Such allergies can be harmful — even life-threatening. In some people they trigger hives, rashes or itchy skin. In others, asthma — a narrowing of the airways in the lungs — may occur. During an asthma “attack,” people have trouble moving enough air through their breathing passages. Any number of things can launch asthma attacks in susceptible people, including cold air and exercise. Allergies, however, provoke many cases.
The number of people with allergies (including allergic asthma) has been on the rise. But not everywhere. It’s a big problem in North America, Western Europe and other developed nations. Meanwhile, many regions suffering from poor sanitation and hygiene have not seen the same increase. Scientists have been trying to understand what’s behind these surprising trends.
The farm connection
A large drop in the number of people living on small family farms may be one explanation, says Erika von Mutius. She’s a doctor that specializes in childhood allergies at Ludwig Maximilian University in Munich, Germany.
She and her coworkers studied children in rural areas of Germany, Austria and Switzerland. Some lived on farms; others did not. The researchers recorded data about each child’s exposure to farm animals and stables. The experts also looked at whether the child drank unpasteurized milk, as is common on farms. Pasteurization is a heat process designed to kill disease-causing bacteria. Finally the researchers recorded data on asthma and allergy symptoms.
Simply spending time on a farm did not by itself alter allergy risk, they found. But young children who drank unpasteurized milk and spent time in stables were much less likely to develop asthma, hay fever or other allergies later in life. Kids whose mothers had worked in the stables during pregnancy were even better protected than those whose mothers avoided such work.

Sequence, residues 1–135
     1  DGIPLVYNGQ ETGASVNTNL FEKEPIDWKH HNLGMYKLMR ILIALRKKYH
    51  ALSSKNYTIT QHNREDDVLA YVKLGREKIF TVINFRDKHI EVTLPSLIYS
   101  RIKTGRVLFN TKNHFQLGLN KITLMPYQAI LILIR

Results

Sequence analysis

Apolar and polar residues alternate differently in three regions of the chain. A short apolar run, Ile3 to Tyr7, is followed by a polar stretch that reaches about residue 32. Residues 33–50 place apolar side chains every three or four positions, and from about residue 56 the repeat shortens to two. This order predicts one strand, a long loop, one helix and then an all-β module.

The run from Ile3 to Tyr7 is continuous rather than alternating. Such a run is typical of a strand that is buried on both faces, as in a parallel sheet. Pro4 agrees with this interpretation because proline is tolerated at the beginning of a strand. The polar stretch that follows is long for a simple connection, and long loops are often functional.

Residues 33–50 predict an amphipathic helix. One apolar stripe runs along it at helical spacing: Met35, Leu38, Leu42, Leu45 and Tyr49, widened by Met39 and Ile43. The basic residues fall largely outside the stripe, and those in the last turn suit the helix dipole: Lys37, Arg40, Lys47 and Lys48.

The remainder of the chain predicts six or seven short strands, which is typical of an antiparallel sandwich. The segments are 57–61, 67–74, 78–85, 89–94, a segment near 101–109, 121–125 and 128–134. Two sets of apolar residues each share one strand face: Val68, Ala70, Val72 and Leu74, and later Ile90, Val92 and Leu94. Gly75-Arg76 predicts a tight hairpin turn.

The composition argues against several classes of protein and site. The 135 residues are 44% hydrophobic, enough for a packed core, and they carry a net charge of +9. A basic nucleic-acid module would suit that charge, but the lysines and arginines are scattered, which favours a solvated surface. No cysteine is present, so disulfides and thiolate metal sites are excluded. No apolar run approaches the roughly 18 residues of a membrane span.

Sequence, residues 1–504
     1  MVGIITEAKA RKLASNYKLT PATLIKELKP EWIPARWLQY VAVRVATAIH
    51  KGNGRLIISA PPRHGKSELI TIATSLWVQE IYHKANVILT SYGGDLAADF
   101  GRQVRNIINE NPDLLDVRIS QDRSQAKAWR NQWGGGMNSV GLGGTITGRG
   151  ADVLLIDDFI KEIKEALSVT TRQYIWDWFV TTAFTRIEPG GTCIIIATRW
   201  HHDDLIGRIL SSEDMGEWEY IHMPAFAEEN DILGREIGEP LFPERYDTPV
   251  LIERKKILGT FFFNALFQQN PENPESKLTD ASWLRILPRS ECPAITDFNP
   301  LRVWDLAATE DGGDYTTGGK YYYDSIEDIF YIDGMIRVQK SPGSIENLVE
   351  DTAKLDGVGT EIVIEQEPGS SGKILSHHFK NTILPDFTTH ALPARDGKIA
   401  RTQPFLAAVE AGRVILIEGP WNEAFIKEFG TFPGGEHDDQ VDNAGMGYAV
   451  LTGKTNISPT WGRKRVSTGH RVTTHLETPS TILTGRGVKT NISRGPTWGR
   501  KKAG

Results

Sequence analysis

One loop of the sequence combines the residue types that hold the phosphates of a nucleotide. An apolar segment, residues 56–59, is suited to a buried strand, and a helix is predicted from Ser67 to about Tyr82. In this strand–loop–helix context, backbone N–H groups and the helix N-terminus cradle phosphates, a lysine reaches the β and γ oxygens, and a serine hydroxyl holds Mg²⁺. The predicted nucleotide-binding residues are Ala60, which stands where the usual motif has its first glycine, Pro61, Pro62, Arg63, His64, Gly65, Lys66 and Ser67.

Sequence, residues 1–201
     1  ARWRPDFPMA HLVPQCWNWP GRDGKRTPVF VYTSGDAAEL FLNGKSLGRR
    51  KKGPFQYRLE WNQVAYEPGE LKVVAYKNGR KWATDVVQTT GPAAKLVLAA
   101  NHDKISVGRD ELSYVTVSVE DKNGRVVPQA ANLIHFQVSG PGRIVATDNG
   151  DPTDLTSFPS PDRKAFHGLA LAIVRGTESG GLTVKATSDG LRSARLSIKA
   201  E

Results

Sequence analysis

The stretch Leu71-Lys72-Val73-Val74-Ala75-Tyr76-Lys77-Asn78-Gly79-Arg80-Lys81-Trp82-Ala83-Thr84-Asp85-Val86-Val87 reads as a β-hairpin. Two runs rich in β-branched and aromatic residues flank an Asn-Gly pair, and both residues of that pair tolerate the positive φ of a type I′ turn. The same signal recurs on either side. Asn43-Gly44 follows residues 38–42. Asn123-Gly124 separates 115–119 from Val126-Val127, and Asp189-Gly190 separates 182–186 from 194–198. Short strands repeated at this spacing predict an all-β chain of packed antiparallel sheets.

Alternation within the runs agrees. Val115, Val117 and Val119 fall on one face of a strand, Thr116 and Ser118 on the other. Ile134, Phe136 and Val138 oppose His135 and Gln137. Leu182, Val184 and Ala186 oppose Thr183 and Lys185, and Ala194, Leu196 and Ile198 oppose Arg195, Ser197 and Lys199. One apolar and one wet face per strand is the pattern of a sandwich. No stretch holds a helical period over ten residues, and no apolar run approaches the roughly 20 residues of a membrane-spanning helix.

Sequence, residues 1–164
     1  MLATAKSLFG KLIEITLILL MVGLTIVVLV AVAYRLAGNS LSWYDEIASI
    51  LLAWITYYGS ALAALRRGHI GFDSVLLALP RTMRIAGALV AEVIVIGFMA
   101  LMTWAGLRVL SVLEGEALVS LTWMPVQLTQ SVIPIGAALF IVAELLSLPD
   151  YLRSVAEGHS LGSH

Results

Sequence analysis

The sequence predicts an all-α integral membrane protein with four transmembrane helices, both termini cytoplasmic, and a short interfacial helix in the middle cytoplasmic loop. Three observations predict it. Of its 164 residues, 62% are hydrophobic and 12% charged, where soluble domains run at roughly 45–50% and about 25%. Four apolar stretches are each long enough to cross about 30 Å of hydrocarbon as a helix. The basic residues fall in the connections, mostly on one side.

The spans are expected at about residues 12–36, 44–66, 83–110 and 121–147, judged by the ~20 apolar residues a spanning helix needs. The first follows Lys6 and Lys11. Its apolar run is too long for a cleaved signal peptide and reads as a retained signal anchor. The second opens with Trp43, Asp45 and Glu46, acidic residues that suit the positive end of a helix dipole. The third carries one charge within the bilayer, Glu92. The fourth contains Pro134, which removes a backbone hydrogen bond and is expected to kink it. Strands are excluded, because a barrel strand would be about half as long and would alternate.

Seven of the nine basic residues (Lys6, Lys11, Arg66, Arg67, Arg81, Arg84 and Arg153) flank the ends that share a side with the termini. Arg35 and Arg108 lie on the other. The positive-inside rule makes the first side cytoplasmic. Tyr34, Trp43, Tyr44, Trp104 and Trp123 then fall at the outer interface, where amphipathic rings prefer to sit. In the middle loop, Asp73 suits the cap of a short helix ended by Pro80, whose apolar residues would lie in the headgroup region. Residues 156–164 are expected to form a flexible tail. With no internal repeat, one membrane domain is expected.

Von Mutius suspects these findings relate to germs. “The stable is an indicator of microbial exposure,” she says, referring to bacteria and fungi common in such places. Untreated milk also contains microbes. (A word of caution: Raw milk sometimes contains dangerous pathogens. That’s why milk is pasteurized.) Overall, farm microbes appear to offer health benefits. Von Mutius is now probing which microbes are responsible — and why.
Nature’s helping hand
No farm nearby? No problem. Just getting outdoors throughout childhood may lower an individual’s risk of developing allergies, concludes Ilkka Hanski. The ecologist works at the University of Helsinki in Finland. He recently showed that our immune systems are less likely to overreact if we live where many different species abound. Such species richness is known as biodiversity.
His team drew blood from Finnish teens and measured amounts of immunoglobulin E. Levels of this antibody, made by the immune system, soar in people with allergies. The team also sampled microbes living on the kids’ forearms and tallied plant species near their homes.
Their findings proved striking. Teens living in areas with greater plant variety had fewer allergy-linked antibodies in their blood — and a greater diversity of skin microbes. This link was strongest for teens living near forests and farms. However, even having more types of native plants in their yards appeared to be beneficial.
Hanski suspects that contact with nature gives us a chance to pick up microbes that help prevent allergies. “It is likely that some environmental microbes will establish themselves on and in our bodies,” he explains.